Claudia Williams is the artist-turned-designer behind wearable art label Llani Creative. Her handbags made from recycled tyre tubes have taken Townsville (and beyond) by storm and her incredible pieces fashioned from reclaimed materials are netting her some serious cred on runways across the country.
Where did your interest in wearable art come from?
I’ve always had an interest from probably 10 years ago. But there was no movement in wearable art, there was nothing happening on the horizon. It was just people doing it for shows or fancy dress or something like that. There’s so many designers that are stepping outside the square by using recycled materials or using different materials in their works, it’s sort of making a movement in itself as all of those works starting to come onto the big catwalks; so they’re incorporating wearable art into fashion lines and with that you see innovation in fashion. Because they’re physically the Gods of Fashion – other designers start to piece all these things together and they go “Oh, I might just add a little bit of plastic into my turtleneck top, or a bit of plastic strip into the bodice or a recycled tyre tube slash into the side-seam of a shirt. It starts to become normal.
How does the trickle-down effect work from runway to wardrobe?
They [the Gods] do this wow thing and designers than see it and think Oh I like that they’re using recycled materials or plastic or metal and they think how can we put that into today’s fashion, which is fast fashion – it’s just so quickly that things are turning over. And I think that’s where my practice is I’m sort of trying to bend the rules a bit using tyre tubes and plastic because I want to see it used in today’s fashion, I want to see a strip of plastic, I want to see a bit of tyre tube somewhere so that’s my aim.
Where do your tyre bags fit in?
I went to work at the Drill Hall Studio and I was talking to Sue [the owner] about my collection of fashion and I was really concerned about how I could actually put it into the gallery because people wanted to know what I did as a resident. Sue said “why don’t you make some stuff out of your tube?” That was basically the brainwave and it just went from there. They first bags sold straight away and I can’t keep up now!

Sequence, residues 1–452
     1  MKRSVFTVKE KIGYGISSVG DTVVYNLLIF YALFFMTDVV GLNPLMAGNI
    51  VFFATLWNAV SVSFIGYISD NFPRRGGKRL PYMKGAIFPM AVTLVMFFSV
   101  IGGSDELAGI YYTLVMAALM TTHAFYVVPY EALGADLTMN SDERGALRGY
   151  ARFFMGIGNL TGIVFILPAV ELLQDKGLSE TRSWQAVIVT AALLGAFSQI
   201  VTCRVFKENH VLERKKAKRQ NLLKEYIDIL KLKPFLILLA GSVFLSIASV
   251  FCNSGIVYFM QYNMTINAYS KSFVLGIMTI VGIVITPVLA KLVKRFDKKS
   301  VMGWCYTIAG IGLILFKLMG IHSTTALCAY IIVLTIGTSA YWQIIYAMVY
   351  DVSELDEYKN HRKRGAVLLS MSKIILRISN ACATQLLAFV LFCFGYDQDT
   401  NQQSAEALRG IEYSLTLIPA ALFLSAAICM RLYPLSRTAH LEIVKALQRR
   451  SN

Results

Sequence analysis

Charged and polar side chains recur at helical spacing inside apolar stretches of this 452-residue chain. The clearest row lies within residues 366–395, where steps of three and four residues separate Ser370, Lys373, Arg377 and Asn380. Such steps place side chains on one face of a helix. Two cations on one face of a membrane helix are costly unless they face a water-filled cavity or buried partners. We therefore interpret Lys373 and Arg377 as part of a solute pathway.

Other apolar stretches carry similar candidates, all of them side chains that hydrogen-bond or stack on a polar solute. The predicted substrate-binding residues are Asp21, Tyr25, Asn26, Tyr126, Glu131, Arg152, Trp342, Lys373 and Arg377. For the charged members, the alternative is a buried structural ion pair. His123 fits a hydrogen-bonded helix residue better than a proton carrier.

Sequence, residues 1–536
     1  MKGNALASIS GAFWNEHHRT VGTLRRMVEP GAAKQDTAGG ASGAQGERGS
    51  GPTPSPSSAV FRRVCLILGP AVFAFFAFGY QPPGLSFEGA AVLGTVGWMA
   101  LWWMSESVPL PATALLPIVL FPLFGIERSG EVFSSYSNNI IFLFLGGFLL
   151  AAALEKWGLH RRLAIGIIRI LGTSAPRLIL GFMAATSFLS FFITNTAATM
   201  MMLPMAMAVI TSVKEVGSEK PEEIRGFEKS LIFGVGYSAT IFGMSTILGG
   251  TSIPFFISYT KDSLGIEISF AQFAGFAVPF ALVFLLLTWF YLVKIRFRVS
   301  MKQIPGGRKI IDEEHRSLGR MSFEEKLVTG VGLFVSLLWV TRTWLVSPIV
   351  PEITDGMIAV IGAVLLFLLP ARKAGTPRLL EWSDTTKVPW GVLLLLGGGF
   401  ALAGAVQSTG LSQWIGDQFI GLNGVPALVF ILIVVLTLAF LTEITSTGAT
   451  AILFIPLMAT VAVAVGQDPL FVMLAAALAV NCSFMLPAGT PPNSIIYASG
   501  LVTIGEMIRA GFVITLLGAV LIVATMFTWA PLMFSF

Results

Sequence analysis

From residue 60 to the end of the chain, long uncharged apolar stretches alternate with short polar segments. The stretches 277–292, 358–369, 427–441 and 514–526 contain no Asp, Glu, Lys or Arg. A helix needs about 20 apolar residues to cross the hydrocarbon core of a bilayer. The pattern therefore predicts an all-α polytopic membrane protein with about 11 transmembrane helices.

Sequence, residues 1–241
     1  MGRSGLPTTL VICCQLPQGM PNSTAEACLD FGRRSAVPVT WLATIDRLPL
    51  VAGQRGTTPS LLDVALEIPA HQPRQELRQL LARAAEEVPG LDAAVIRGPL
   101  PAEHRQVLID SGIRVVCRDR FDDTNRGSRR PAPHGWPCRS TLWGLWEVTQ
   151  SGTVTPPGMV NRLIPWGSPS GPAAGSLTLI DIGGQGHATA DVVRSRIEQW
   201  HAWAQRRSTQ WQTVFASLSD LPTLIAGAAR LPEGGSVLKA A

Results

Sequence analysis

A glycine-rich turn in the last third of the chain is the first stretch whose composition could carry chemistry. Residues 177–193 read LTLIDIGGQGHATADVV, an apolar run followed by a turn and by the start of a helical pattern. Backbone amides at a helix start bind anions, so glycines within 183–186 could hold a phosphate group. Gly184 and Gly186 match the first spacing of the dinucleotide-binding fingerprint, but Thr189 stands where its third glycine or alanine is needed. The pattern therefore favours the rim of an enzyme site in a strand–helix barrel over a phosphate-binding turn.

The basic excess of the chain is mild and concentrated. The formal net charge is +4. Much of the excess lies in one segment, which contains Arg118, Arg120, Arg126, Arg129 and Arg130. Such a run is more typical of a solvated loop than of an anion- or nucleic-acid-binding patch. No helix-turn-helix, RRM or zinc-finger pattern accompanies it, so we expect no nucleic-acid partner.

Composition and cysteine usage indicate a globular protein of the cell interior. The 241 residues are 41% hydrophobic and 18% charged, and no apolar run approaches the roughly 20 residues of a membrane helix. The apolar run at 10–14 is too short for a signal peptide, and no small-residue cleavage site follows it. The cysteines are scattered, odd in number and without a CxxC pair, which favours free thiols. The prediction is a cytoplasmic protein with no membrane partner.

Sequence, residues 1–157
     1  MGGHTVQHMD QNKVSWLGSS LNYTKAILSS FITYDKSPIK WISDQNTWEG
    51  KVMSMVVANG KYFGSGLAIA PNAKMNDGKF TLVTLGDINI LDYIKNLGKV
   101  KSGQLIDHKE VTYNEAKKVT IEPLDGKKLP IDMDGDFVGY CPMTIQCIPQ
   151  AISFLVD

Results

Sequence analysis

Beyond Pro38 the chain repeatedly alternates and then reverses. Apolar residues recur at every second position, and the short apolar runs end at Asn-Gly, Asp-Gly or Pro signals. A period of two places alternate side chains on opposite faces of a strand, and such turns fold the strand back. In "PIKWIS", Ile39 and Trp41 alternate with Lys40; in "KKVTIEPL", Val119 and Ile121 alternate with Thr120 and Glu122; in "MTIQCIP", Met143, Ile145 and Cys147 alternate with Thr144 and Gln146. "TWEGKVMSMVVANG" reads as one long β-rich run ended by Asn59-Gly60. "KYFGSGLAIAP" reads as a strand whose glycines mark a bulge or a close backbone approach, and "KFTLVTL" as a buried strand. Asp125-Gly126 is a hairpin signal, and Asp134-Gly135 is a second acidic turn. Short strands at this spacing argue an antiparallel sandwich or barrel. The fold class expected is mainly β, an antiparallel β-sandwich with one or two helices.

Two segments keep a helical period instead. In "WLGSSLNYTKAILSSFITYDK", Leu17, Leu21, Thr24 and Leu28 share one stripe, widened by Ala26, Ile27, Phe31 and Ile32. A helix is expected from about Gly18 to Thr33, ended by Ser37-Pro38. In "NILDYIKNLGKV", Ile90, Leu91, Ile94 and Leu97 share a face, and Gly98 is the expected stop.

Other than bags, what pieces are you working on?
I’m doing belts and I’m doing harnesses. The harness collection is new and will be on the catwalk for Townsville Fashion Festival. I’m teaming them with everyday wear so people can again wear my designs every day. The harnesses will be really good coming into the cooler months for Townsville; it’s a bit classy and I want to see people wearing their suits with their jackets and their tailored dresses, but also just casually with their jeans. I’m going to keep developing the tube line, using the tube as my material at the moment, my bags, my belts and my harnesses and just bringing them together so I can go into more fashion lines, bigger houses, maybe Sydney, Melbourne, Brisbane. I’d really like to see my bags in Myer -that’s my goal.
How would that change your production process?
As an artist and designer it goes sort of goes against my grain to go overseas to get manufactured. I think that we’ve already taken so much away from creative industries and I think that we need to have manufacturing and some fashion here. So I would like to do it here if it was feasible and profitable, but then when it comes with that, of course it comes with a price tag. We’re all so used to buying a bag for $100, and so these bags might have to be $300 because we’re paying for Australian workers to make the bags or the harnesses. I think there is some possibilities, I just have to keep testing the market really. Again, people have to be aware that if they buy something Australian made it’s going to be a bit dearer.
What doors has Instagram opened for you?
I’ve sold so many bags on Instagram it’s not funny – with PayPal you can make a sale anywhere. I also met one of the Wella educators in Sydney through Instagram. He was putting on a big show in Melbourne for Pop Up Hair Expo and asked me to do all of his garments. After the invitation, I got off the phone and honestly, I just cried. I still get nervous when I’m making his stuff because it’s so different.
Do you think regional creatives have opportunities they wouldn’t necessarily get in the capital cities?
I think that’s the best thing about being in a smaller community – you can talk to someone about your ideas and they can give you feedback so you can move forward. It tests the market as well, and I think being in a smaller place sort of grounds you, too, so you can really put your head down and get your work done. I think if I was in a bigger city it would take me so much longer to produce these works because I wouldn’t be able to find all the people that I need to network with.